Locus: The Magazine of The Science Fiction & Fantasy Field, is an American magazine published monthly in Oakland, California. It is the news organ and trade journal for the English language science fiction and fantasy fields. It also publishes comprehensive listings of all new books published in the genres. The magazine also presents the annual Locus Awards. Locus Online was launched in April 1997, as a semi-autonomous web version of Locus Magazine.

Philip K. Dick Award

The Philip K. Dick Award is a science fiction award given annually at Norwescon and sponsored by the Philadelphia Science Fiction Society and (since 2005) the Philip K. Dick Trust. Named after science fiction and fantasy writer Philip K. Dick, it has been awarded since 1983, the year after his death. It is awarded to the best original paperback published each year in the US.The award was founded by Thomas Disch with assistance from David G. Hartwell, Paul S. Williams, and Charles N. Brown. As of 2016, it is administered by Gordon Van Gelder. Past administrators include Algis Budrys, David G. Hartwell, and David Alexander Smith.

The Best Science Fiction of the Year 10

The Best Science Fiction of the Year #10 is an anthology of science fiction short stories edited by Terry Carr, the tenth volume in a series of sixteen. It was first published in paperback by Pocket Books in July 1981, and in trade paperback and hardcover and trade paperback (the latter under the slightly variant title The Best Science Fiction of the Year: No. 10) by Gollancz in the same year.

The book collects twelve novellas, novelettes and short stories by various science fiction authors, with an introduction, notes and concluding essays by Carr and Charles N. Brown. The stories were previously published in 1980 in the magazines Analog Science Fiction/Science Fact, TriQuarterly, Playboy, The Magazine of Fantasy & Science Fiction, and Isaac Asimov's Science Fiction Magazine, and the anthologies New Voices III: The Campbell Award Nominees, Universe 10, Their Immortal Hearts, and Interfaces.

The Best Science Fiction of the Year 11

The Best Science Fiction of the Year #11 is an anthology of science fiction short stories edited by Terry Carr, the eleventh volume in a series of sixteen. It was first published in paperback by Pocket Books in July 1982, and in hardcover by Gollancz in the same year.

The book collects seventeen novellas, novelettes and short stories by various science fiction authors, with an introduction, notes and concluding essays by Carr and Charles N. Brown. The stories were previously published in 1981 in the magazines Analog Science Fiction/Science Fact, The Magazine of Fantasy & Science Fiction, Isaac Asimov's Science Fiction Magazine, Omni, and Science Fiction Digest, the collection A Rhapsody in Amber, and the anthologies Universe 11 and New Dimensions 12.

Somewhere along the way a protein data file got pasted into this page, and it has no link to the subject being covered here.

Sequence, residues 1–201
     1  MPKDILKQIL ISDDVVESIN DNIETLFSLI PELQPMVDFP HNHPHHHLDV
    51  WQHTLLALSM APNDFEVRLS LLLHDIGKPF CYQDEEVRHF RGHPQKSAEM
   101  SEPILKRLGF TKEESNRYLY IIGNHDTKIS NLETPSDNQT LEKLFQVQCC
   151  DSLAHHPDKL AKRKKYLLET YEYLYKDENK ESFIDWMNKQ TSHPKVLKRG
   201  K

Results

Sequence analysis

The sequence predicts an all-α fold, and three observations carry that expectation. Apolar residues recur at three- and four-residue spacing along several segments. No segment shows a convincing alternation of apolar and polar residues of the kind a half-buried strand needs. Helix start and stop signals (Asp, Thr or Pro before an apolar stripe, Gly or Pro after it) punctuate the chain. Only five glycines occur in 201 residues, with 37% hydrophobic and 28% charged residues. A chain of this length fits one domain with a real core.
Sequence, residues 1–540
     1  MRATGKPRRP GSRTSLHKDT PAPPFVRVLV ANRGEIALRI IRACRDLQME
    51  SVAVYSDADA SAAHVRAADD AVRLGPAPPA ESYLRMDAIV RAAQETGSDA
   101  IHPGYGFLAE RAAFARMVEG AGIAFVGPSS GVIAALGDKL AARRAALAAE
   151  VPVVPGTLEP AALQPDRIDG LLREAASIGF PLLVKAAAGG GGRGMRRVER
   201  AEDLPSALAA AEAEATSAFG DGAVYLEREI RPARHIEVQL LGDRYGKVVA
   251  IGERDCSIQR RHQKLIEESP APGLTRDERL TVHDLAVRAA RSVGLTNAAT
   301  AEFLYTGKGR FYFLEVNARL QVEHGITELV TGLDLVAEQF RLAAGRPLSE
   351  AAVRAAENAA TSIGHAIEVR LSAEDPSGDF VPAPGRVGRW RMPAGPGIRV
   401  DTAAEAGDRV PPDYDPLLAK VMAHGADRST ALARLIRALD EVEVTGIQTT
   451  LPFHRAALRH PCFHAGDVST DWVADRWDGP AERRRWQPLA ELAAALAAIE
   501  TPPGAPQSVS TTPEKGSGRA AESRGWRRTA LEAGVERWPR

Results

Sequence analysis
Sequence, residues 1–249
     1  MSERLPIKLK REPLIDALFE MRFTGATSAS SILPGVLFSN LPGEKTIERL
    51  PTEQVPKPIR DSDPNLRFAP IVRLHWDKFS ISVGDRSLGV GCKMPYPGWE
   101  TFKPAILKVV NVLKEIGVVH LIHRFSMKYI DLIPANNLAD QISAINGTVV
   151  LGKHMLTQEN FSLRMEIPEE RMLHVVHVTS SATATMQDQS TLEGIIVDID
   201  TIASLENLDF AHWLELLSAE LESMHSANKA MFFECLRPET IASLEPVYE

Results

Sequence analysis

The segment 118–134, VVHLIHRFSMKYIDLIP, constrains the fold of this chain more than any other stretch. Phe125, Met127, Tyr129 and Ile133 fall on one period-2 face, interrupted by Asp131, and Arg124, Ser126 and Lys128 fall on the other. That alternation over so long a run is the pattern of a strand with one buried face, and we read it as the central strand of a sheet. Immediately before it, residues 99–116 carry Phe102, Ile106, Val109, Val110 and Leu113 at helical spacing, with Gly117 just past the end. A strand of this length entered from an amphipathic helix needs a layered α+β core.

The Best Science Fiction of the Year 12

The Best Science Fiction of the Year #12 is an anthology of science fiction short stories edited by Terry Carr, the twelfth volume in a series of sixteen. It was first published in paperback by Pocket Books in July 1983, and in hardcover by Gollancz in the same year.

The book collects thirteen novellas, novelettes and short stories by various science fiction authors, with an introduction, notes and concluding essays by Carr and Charles N. Brown. The stories were previously published in 1982 in the magazines The Magazine of Fantasy & Science Fiction, Omni, Analog Science Fiction/Science Fact, The New Yorker, and Isaac Asimov's Science Fiction Magazine, and the anthologies Perpetual Light and Universe 12.

The Best Science Fiction of the Year 4

The Best Science Fiction of the Year #4 is an anthology of science fiction short stories edited by Terry Carr, the fourth volume in a series of sixteen. It was first published in paperback by Ballantine Books in July 1975, and reissued in October 1976. The first British edition was published in hardcover by Gollancz in September 1975.

The book collects ten novellas, novelettes and short stories by various science fiction authors, with an introduction, notes and concluding essays by Carr and Charles N. Brown. The stories were previously published in 1974 in the magazines Analog Science Fiction/Science Fact, The Magazine of Fantasy & Science Fiction, and Worlds of If, and the anthologies Final Stage: The Ultimate Science Fiction Anthology, New Worlds 7, Fellowship of the Stars, Wandering Stars: An Anthology of Jewish Fantasy and Science Fiction, and Universe 4.

The Best Science Fiction of the Year 5

The Best Science Fiction of the Year #5 is an anthology of science fiction short stories edited by Terry Carr, the fifth volume in a series of sixteen. It was first published in paperback by Ballantine Books in July 1976.